Numerous rumors have arisen suggesting the Patriot was captured by pirates including Dominique Youx, wreckers or Carolina “bankers” who lured ships ashore on the Outerbanks and murdered the crews, or a vessel piloted by John Howard Payne. In the case of Payne, documents supporting this theory were supposedly found in the Alabama State Archives stating that the crew included a “woman who was obviously a noblewoman or a lady of high birth”, but Foster Haley, who put forth this theory never identified the documents he cited.

In his 1872 novel, Fernando de Lemos: Truth and Fiction: A Novel, Charles Etienne Gayarre supposedly combined truth and fiction and includes a confession by the pirate Youx where he admits finding the ship wrecked off of Cape Hatteras, North Carolina, and murdering the crew including a well-bred young woman. The assumption that there was some truth in Gayarre’s book fueled the rumors that this confession might be real.

The "Nag's Head Portrait" possibly by John Vanderlyn, now hangs in the Lewis Walpole Library at Yale University (source)

The “Nag’s Head Portrait” possibly by John Vanderlyn, now hangs in the Lewis Walpole Library at Yale University (source)

In 1903, a Mrs. Harriet Sprague issued a sworn statement regarding a confession of Frank Burdick, a shipmate of Youx. In it Burdick said that they had discovered the wrecked Patriot and had left Theodosia’s clothing and a portrait of her at the wreck. Also in 1869, Dr. William G. Pool received a portrait of a young woman in white as payment for treating Mrs. Polly Mann, a poor fisherman’s wife. Mrs Mann said that the portrait was found on board a wrecked ship during the War of 1812. Later, Pool became convinced that the “Nag’s Head Portrait” was of Theodosia, but couldn’t confirm this with any remaining relatives at the time.

There has also been speculation that Theodosia was the “Female Stranger” who died at Gadsby’s Tavern and was buried at St. Paul’s Episcopal church Cemetery in Alexandria, Virginia in 1816.

It is likely that the ship was caught in a storm off of Cape Hatteras, North Carolina. The logbooks of the British fleet, which was blockading the coast, report a severe storm in the area on January 2, 1813 with “near hurricane-force winds” continuing into the next day.

However, my favorite theory, although highly improbable, is that a Karankawa warrior from the Texas gulf coast found a ship wrecked at the mouth of the San Bernard River. When he investigated, he found a naked white woman chained by her ankle and carried her to shore. He revived her only to have her die in his arms. But before she did, she gave him a locket inscribed “Theodosia” and told him that her father was a great white chief who “was misunderstood by his people and had to leave his country.” She told him that if he ever met white men, to show them the locket and tell her story.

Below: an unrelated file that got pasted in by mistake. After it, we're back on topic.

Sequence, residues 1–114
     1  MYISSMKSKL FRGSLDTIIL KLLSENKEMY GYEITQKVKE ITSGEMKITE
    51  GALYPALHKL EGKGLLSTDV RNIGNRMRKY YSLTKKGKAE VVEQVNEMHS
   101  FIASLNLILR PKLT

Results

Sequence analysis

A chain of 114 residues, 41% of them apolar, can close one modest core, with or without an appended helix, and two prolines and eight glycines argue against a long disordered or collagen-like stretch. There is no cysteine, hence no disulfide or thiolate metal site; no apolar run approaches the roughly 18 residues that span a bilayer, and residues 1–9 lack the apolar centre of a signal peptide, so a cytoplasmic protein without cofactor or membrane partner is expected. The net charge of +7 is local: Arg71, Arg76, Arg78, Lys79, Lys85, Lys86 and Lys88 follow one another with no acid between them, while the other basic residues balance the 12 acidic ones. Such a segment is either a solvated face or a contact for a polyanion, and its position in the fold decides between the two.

Whether Theodosia was killed by pirates, died in a shipwreck, or was carried away to the gulf coast as a prisoner, we will never know, but she has made her mark in popular culture. She is the subject of Anya Seton’s novel My Theodosia, and makes appearances in Robert Frost’s poem “Kitty Hawk” as well as Gore Vidal’s novel Burr. Most recently, she is remembered in the song “Dear Theodosia” in Lin-Manuel Miranda’s musical Hamilton.

Oh and of course it is rumored that Theodosia still roams the beach at Bald Head Island in North Carolina, perhaps searching for her painting.


Episode #22 – Theodosia Burr at History, Bitches (podcast)

Theodosia Burr Alston: Portrait of a Prodigy by Richard Cote

Theodosia: The First Gentlewoman of Her Time by Charles Felton Pidgen

Eleanor Roosevelt – A Late Bloomer

There are many biographies about Eleanor Roosevelt, multi-volume biographies, as well as biographies about her husband Franklin Delano Roosevelt which of necessity include her. I am certainly not an expert on her and there are people out there who are; people who have a better understanding of what motivated her to achieve the things she did. And she did achieve amazing things. But part of what I wanted to do when I started this blog was to write about women who inspire me. That doesn’t mean I always agree with them, but that I see something in their lives that I believe is of value and worth talking about. With Eleanor Roosevelt, I happen to agree with much of what she did and stood for.

Eleanor Roosevelt inspires me in many ways, and there are many lessons that we can learn from her life I’m sure, but one thing that I love about her is that she in some respects was a late bloomer, coming into her own power if you will after marriage and motherhood. She was a shy child born to parents who were a hit in society and the talk of the town. Her mother was a celebrated beauty and her father was the life of the party, but she wasn’t either of these things.

Eleanor’s father, Elliot Bulloch Roosevelt, was the younger brother of President Theodore Roosevelt. Both Roosevelt brothers, as well as their oldest sister, had health problems when they were young. Theodore is famous for pushing himself to overcome his problems, but Elliot’s were not as easily understood. He suffered from spells when the blood would rush to his head and he would have incredible pain; he also took “nerve medication.” These spells seemed to be worse when he was under stress and better when he was away from the family, or school, traveling. Despite his problems, the family was a loving one, full of fun and joy. Elliot embodied this with the force of his charming personality.